Difference between a strut bar and a sway bar

What is the difference between a strut bar and a sway bar? What do each of them do?

Perhaps you provide some context to your question, I have seen Honda use some odd names, “compliance bushing” is one that comes to mind.

My 2009 Honda accord has something called a front strut tower bar which is basically a bar under the hood that connects both sides of the front suspension at the tops of the wheelwells. How is this different from a sway bar which connects the suspension of the left and right side at the bottom of the vehicle?

Now that you have provided context, we can give you good responses. The way the question was originally asked would not have answer the question you really wanted answered! Thanks, OldSchool!

The bar on top is sometimes called a “Stay Bar” or a “Tower Brace” - and I am sure there are other terms as well. This bar merely prevents stiffens the where the strut is attached. This provides more precise handling.

The sway bar reduces the difference in travel between the 2 suspensions - ie, it reduces sway.

I would suggest you buy some books on suspension and handling. A good one is “How to Make your Car Handle” by Fred Puhn. It was written quite a few years ago, but the information is timeless!

I understand what you are saying with the sway bar but I’m still not quite sure what is going on with the tower brace. How can a bar attaching the two struts on top on the wheelwells provide any difference in handling of the car? Can you please elaborate, thanks very much.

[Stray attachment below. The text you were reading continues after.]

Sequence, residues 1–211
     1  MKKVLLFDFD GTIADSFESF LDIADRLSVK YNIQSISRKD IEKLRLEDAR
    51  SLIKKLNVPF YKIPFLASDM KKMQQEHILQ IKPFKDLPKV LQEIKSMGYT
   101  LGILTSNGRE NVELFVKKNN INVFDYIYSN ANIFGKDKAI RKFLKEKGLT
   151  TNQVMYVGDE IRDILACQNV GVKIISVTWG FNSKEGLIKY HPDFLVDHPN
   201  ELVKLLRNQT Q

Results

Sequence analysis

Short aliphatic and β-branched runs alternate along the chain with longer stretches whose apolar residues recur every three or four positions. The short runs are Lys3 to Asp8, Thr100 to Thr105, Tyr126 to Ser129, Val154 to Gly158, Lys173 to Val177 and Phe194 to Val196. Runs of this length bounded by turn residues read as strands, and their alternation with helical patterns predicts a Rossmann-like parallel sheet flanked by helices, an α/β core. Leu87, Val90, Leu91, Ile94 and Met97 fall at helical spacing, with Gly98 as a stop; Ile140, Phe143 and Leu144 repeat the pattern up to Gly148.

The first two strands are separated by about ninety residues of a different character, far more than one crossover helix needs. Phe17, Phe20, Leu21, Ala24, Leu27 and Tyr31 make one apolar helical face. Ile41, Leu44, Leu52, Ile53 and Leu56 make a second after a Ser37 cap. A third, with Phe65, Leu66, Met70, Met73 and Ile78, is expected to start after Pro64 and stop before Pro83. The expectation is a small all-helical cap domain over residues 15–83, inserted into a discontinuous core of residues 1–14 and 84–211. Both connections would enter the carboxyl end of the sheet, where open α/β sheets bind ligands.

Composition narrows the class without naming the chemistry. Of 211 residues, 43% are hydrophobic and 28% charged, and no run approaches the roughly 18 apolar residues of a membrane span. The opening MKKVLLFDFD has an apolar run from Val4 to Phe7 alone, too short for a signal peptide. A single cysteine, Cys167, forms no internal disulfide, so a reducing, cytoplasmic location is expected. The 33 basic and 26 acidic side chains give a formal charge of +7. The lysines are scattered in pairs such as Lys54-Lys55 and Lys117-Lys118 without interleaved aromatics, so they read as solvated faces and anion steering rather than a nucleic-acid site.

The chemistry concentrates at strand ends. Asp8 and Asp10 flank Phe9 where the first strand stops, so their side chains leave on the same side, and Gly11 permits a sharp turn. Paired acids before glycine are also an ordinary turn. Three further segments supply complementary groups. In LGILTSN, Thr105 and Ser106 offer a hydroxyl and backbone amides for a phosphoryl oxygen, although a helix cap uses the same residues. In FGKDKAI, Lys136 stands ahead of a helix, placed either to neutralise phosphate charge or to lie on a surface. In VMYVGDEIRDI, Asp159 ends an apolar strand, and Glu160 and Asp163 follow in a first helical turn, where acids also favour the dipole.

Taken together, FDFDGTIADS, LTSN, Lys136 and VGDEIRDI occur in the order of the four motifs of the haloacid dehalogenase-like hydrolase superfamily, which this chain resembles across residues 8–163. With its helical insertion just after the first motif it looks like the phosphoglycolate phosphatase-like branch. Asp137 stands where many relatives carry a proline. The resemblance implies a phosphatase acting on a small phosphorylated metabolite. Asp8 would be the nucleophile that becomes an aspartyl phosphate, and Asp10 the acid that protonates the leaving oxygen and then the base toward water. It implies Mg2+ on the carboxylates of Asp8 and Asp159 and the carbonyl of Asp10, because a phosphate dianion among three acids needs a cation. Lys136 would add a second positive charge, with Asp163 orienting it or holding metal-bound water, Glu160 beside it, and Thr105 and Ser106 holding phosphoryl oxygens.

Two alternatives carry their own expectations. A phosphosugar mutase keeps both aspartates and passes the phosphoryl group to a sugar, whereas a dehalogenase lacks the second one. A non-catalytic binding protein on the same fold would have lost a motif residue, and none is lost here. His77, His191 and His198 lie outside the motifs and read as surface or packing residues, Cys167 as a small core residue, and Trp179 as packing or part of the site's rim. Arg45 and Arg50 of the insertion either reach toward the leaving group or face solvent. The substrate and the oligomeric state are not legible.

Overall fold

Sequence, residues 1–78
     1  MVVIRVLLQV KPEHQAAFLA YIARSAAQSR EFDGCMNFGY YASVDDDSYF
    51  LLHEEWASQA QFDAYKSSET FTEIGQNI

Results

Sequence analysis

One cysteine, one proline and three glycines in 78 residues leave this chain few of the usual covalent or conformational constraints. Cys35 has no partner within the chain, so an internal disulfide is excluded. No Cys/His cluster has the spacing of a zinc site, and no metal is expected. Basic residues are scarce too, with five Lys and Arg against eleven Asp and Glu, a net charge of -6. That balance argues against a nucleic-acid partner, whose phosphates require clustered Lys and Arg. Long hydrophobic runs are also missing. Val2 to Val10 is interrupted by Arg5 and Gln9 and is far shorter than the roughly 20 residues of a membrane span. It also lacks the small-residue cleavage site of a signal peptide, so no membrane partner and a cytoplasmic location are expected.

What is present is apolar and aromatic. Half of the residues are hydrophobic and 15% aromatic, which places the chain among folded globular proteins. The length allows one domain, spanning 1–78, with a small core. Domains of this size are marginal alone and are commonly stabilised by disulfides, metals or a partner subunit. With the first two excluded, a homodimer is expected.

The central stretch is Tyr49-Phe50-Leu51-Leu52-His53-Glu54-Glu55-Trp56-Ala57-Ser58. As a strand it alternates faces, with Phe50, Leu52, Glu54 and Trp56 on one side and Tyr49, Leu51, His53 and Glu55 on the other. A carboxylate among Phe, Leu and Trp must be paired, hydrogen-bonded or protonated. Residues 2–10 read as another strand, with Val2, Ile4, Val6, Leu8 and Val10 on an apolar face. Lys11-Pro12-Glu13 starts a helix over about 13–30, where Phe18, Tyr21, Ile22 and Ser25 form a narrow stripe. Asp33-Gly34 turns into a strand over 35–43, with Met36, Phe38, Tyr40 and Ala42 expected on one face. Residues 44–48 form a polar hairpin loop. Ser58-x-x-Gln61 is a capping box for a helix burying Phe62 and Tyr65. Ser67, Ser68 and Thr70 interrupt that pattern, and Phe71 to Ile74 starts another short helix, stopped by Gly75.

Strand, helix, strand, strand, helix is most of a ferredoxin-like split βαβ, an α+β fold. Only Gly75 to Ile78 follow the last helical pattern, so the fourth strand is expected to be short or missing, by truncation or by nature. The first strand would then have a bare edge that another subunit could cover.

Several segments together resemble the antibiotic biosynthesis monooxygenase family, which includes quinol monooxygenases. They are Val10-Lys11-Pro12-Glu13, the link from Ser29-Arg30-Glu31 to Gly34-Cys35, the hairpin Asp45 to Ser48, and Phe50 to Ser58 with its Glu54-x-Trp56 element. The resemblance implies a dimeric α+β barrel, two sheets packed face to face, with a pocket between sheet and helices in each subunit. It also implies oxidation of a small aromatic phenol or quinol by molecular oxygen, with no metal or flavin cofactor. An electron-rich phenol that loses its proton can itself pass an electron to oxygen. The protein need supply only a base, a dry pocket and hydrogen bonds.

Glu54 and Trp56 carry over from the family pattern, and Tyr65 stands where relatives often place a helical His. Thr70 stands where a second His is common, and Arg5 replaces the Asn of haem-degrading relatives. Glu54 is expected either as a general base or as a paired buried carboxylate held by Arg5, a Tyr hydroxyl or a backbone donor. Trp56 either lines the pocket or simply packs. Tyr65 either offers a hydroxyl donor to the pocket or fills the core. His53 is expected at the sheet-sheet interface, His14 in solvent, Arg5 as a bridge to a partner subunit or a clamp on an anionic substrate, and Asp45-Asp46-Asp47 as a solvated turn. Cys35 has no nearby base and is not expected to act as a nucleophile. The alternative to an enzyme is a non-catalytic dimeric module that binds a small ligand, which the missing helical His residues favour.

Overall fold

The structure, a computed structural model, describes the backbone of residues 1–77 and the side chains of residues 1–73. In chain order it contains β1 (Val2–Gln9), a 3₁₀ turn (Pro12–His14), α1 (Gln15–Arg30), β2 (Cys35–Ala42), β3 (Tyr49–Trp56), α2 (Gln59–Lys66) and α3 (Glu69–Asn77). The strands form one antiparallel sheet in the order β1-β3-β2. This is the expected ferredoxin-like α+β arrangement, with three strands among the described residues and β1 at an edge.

It works because your car uses uni-body construction, basicly no frame. This type of construction is very cost effective but the body will twist and this bar adds strenght.

As others have said, a ‘strut bar’ or ‘tower brace’ is used to add rigidity to the body when it’s going around a corner. They’re most often seen on cars with McPherson struts (hence, ‘strut bar’) because the McPherson strut puts sideways loads on the body through both the bottom mount and the top mount, which is where the strut bar attaches. By making the body stiffer it improves (to some extent) the steering feel, making turn-in sharper. You’ll also see them used sometimes to connect the rear axle’s shock towers, but that has much less value, because shocks don’t put lateral loads into the body, only vertical loads.

Another term for sway bar is anti roll bar. As you turn the car, because the center of gravity of any car is above the tire’s contact patch, the car tends to roll in the opposite of the turning direction, kinda like kicking a floor lamp at its base. As the car rolls, one wheel goes up into the wheel well and the other falls away from the car.

Some cars with vague response would allow the body to roll first then swings the nose of the car. With this kind of delayed response, you can’t accurately determine how much steering is actually required until the car changes direction. If you can’t accurately determine the required steering input, you’d be constantly making steering corrections thru the turn, which is very unsavory for those looking for a sports car response.